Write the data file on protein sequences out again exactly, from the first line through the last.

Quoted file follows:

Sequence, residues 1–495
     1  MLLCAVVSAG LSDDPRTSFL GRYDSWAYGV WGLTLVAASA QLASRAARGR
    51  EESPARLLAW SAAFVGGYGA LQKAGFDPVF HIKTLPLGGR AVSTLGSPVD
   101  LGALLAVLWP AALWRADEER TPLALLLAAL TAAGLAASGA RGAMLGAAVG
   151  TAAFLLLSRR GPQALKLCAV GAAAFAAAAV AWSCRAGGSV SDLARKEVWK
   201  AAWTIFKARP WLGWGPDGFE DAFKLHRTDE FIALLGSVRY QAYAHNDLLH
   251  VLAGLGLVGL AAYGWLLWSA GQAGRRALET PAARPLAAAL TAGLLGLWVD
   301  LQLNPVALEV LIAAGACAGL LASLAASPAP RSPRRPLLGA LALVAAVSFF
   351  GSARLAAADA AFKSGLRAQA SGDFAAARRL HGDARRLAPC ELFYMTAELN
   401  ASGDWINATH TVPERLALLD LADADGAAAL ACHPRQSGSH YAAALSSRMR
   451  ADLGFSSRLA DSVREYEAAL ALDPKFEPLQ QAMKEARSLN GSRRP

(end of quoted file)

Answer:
Sequence, residues 1–495
     1  MLLCAVVSAG LSDDPRTSFL GRYDSWAYGV WGLTLVAASA QLASRAARGR
    51  EESPARLLAW SAAFVGGYGA LQKAGFDPVF HIKTLPLGGR AVSTLGSPVD
   101  LGALLAVLWP AALWRADEER TPLALLLAAL TAAGLAASGA RGAMLGAAVG
   151  TAAFLLLSRR GPQALKLCAV GAAAFAAAAV AWSCRAGGSV SDLARKEVWK
   201  AAWTIFKARP WLGWGPDGFE DAFKLHRTDE FIALLGSVRY QAYAHNDLLH
   251  VLAGLGLVGL AAYGWLLWSA GQAGRRALET PAARPLAAAL TAGLLGLWVD
   301  LQLNPVALEV LIAAGACAGL LASLAASPAP RSPRRPLLGA LALVAAVSFF
   351  GSARLAAADA AFKSGLRAQA SGDFAAARRL HGDARRLAPC ELFYMTAELN
   401  ASGDWINATH TVPERLALLD LADADGAAAL ACHPRQSGSH YAAALSSRMR
   451  ADLGFSSRLA DSVREYEAAL ALDPKFEPLQ QAMKEARSLN GSRRP